Cosmetic claims are allowed without scientific substantiation, if a cosmetic makes a medical claim, such as removing dandruff, the product is regulated as an over-the-counter drug for which scientific studies demonstrating safety and effectiveness must be submitted to FDA.
It is up to consumers to be smart about the cosmetics they use.
Parabens -- used as preservatives, these are irritants and are associated with weak endocrine disruption (they mimic estrogen).
Phthalates -- In March 2003, Newsday reported on the presence of these chemicals in cosmetics and other products used around the home, saying that Some researchers say there is evidence that the chemicals can cause birth defects and damage the male reproductive system. These chemicals are the subject of national controversy because they are found so widely in the population, and the federal government is paying a lot of attention to them. They are found especially in plastics, but also in cosmetics, and the effects are found even at low doses. They are used in hair spray, perfume, and nail polish; they are likely to accumulate in body fat. 6 Environmental Working Group, working with nottoopretty.org, found them in 52 of 72 name brand cosmetics.
Cosmetics fact sheet (pdf)
Maintaining a clean home or school is an important way to minimize possible health problems caused by germs and molds. However, you may not realize that some of the common household cleaners sold at supermarkets and institutional cleaners may also contribute to certain health problems. Many common household products contain alcohols, ammonia, bleach, and lye. These substances can cause nausea, inflammation and burning of the eyes, nose, throat, and respiratory system, and are linked with neurological, liver and kidney damage, asthma, and even cancer. According to the Healthy Schools Network, more children have asthma and allergies than ever before, so reducing respiratory irritants is important. Some cleaners may also have environmental impacts when washed down the drain.
Bleach -- Chlorine bleach, though a very effective disinfectant, is caustic and can irritate skin and lungs. When mixed with other compounds in wastewater, chlorine can combine to form chlorinated organic compounds, which can be toxic and even carcinogenic.
Petroleum distillates -- Many cleaners contain petroleum distillates which may irritate eyes, skin, and lungs. These may cause dermatitis, and even damage to the central nervous system. Petroleum distillates may contain benzene, a carcinogen.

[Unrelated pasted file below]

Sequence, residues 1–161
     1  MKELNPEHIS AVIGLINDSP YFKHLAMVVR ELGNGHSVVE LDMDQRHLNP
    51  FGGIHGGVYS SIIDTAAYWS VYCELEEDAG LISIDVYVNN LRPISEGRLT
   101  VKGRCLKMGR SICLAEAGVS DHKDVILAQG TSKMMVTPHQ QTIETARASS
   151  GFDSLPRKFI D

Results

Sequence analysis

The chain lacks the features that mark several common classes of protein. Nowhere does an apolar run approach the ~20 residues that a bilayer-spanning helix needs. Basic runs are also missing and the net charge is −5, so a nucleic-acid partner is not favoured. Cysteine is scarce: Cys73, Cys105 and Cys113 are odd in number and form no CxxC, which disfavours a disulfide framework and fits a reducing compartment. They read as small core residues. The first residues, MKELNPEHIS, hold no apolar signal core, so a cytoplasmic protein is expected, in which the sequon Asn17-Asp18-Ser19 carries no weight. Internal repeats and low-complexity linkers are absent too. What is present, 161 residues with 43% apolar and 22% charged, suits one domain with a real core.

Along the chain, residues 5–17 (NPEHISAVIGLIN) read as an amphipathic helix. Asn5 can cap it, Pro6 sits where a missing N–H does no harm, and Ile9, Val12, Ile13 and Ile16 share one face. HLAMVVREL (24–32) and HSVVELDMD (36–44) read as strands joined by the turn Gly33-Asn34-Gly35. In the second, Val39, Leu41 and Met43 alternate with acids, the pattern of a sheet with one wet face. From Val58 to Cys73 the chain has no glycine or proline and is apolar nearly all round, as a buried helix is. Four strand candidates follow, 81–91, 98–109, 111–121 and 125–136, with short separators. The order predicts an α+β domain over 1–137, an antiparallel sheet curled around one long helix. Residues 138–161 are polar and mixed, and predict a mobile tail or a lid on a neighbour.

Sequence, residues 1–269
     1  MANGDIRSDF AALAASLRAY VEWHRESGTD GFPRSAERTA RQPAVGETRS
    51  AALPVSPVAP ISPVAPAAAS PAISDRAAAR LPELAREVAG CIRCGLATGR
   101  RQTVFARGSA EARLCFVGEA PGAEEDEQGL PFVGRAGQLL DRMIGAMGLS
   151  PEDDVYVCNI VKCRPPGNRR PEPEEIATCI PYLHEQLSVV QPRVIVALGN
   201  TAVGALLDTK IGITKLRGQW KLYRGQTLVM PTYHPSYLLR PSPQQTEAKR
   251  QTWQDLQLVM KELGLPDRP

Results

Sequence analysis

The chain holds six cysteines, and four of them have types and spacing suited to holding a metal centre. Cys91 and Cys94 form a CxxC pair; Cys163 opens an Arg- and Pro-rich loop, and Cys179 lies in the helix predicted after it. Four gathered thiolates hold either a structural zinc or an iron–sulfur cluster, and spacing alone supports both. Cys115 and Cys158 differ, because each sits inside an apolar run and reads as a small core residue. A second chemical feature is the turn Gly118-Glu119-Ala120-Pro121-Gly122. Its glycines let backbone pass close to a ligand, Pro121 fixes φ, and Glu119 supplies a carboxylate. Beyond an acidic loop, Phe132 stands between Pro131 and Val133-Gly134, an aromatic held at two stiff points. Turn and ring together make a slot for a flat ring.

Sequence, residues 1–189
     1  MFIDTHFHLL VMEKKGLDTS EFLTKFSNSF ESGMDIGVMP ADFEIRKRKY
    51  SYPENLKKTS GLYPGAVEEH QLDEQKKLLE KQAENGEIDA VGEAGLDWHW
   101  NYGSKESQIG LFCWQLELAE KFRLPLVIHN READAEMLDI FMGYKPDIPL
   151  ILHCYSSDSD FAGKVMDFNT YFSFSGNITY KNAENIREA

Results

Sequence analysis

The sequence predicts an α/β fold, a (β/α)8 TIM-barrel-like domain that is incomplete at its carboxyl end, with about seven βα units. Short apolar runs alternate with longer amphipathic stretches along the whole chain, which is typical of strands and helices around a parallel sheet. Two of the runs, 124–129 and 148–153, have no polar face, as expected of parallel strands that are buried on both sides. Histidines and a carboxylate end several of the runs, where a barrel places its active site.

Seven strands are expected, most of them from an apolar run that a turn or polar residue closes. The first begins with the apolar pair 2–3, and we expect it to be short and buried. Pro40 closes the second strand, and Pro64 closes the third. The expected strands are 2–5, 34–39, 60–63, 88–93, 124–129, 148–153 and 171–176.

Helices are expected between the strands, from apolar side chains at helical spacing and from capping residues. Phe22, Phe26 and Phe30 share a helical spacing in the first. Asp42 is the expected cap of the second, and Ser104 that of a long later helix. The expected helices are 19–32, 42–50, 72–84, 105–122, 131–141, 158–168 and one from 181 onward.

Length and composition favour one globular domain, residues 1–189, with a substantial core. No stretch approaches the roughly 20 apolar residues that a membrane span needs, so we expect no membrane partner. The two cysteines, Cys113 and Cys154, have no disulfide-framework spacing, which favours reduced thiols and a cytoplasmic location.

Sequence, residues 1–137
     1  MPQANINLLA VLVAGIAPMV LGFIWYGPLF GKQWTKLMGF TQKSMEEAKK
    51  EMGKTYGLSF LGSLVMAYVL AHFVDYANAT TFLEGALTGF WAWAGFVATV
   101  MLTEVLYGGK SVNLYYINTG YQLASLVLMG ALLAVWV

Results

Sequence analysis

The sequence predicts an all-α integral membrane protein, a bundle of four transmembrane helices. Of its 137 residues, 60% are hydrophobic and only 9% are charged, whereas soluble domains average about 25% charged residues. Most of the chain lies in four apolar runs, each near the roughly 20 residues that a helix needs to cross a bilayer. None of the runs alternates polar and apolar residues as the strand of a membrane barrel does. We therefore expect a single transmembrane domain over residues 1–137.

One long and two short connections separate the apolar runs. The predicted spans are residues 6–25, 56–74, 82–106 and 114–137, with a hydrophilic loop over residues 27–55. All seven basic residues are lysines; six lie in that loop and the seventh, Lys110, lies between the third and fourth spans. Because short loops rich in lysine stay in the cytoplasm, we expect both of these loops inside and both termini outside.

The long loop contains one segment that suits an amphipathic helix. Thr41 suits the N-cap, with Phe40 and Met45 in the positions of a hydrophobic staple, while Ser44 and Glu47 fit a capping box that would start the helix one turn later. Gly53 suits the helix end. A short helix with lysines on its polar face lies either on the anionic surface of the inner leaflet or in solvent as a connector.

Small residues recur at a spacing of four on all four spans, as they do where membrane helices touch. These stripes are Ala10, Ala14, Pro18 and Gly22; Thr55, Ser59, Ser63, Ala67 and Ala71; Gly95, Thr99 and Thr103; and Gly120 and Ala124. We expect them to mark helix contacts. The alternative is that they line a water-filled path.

VOCs (Volatile organic compounds) -- Some cleaning products give off VOCs, which when airborne, react with other compounds in the air and form ground level ozone and smog which aggravates respiratory ailments. According to the Washington Toxics Coalition, some VOCs that frequently pollute indoor air, such as toluene, styrene, xylenes, and trichloroethylene can be emitted from cleaners, but also products such as pesticides, paints, paint thinners, aerosol products, petroleum distillates, dry-cleaned clothing, laser printers, photocopiers, adhesives, air fresheners, and perfumes. High levels of toluene, can put pregnant woman at risk of having babies with neurological problems, retarded growth, and developmental problems. Even at low concentrations, however, toluene exposure can cause headaches, dizziness, drowsiness, nausea, and fatigue in children and adults.
Household Cleaners fact sheet (pdf)
Suffolk Non-Toxic Purchasing Law Passes 18-0
Suffolk County Legislature approved a law championed by environmentalists and breast cancer action advocates, to eliminate carcinogens and other harmful substances from products purchased by the County.
Suffolk County Executive Steve Levy announced on Tuesday (March 6, 2007) that he would sign the legislation that was sponsored by Legislators Edward Romaine and Steve Stern. The bill was passed by the Legislature by an 18 to 0 vote, later that same day.